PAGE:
Expanding on the rail-bus concept


Public transportation experts on the East End have put the meat on the bones of a potential bus-rail network here.

The five East End towns are working with the Volpe Center, a federal transportation analysis firm, to examine the feasibility of a coordinated series of buses that would connect to small trains running frequently on the Long Island Rail Road’s existing tracks.

According to Tom Neely, the Public Transportation and Safety Director for Southampton Town, the towns and the Volpe Center have developed a conceptual plan that would include service every 30 minutes between 6 and 10 a.m. and from 3 to 7 p.m. and every hour at other times. The service would run 18 hours a day for half of the year and 14 hours daily for the other half.

The conceptual plan includes a 30-minute local circulator route in and around Southampton Village, though Mr. Neely said that the streets the bus would use have not yet been determined. It also includes service between Riverhead and Hampton Bays and Riverhead and Westhampton. Travellers who want to go from Riverhead to Southampton would have to take the Hampton Bays bus and then take a train to Southampton, which Mr. Neely said is a concern, since commuters tend to stop using a particular form of transportation if they need to change seats.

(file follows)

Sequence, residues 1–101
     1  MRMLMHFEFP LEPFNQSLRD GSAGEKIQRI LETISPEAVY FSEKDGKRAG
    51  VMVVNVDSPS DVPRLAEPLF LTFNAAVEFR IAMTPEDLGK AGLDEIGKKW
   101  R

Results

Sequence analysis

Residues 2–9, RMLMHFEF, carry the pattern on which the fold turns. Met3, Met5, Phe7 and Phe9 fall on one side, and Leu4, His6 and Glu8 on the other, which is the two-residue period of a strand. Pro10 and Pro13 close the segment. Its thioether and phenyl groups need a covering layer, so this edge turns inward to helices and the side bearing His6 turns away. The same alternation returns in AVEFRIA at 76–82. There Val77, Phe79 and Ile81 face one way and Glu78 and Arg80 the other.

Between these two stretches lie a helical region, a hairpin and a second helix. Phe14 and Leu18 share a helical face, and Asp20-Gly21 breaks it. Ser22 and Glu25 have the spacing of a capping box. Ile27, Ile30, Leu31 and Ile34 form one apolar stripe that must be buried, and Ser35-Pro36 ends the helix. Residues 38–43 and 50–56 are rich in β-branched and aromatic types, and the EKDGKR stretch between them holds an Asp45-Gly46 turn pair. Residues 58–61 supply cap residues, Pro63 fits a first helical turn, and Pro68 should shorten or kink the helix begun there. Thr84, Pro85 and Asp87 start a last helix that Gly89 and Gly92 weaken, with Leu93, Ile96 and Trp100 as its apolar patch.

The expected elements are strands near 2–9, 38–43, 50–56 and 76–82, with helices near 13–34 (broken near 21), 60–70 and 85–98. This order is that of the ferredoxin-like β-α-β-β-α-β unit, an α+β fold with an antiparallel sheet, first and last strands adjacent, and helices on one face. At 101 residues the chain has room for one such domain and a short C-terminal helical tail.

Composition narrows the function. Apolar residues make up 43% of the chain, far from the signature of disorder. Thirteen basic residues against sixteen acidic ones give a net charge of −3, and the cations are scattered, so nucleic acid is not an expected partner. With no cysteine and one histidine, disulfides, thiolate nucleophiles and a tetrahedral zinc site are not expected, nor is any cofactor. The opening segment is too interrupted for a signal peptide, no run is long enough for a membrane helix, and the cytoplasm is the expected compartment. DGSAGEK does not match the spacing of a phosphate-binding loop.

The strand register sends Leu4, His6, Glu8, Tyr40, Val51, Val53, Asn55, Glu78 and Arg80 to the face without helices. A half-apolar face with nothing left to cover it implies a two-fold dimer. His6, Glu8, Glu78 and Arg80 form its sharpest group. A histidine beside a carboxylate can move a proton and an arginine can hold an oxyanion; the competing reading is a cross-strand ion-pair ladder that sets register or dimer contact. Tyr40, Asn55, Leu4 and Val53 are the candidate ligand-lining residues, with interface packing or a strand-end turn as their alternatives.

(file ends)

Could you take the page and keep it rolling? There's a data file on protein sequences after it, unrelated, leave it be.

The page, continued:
That particular connection is also troubling because the current S92 Suffolk Transit bus now links Riverhead to Southampton.

“We’re looking at the S92 bus route. At least part of that route should be intact,” he said. One of the break points is someone going from Riverhead to Southampton would want a direct bus route.”

He added that a potential commuter who was going from Riverhead to Montauk may not mind having to switch over to a train in Hampton Bays, since as the system is currently structured, they would need to switch to a train in East Hampton anyway.

“It’s taken us since August. We’ve had lots of good discussions,” he said. “One volunteer said, ‘I’m getting a headache thinking about all this stuff.’ I said, ‘That’s what transportation planning is all about.’”

“There are realistic cost implications. The two basic elements are ridership levels and costs,” he added. “We have to be realistic. I think we’ve tried to develop a middle ground without overdoing it or under-doing it. Now we can tweak it a little bit.”

Mr. Neely said that the Volpe Center is planning to complete a report very soon and the stakeholders in the project are hoping to hold public outreach sessions on the plan by mid-January.

Though the feasibility study was initially expected to be complete in mid-winter, Mr. Neely said that the Volpe Center is also going to examine a second concept for the transportation network, which will push the completion date for the study back until April.

He said that, instead of picking out an alternative, the traffic experts in the community have instead asked the Volpe Center to bring a concept to them.

“The idea was, leave the second idea as an open slate and ask Volpe to come back to us and tell us what they think will be a good alternative,” he said.

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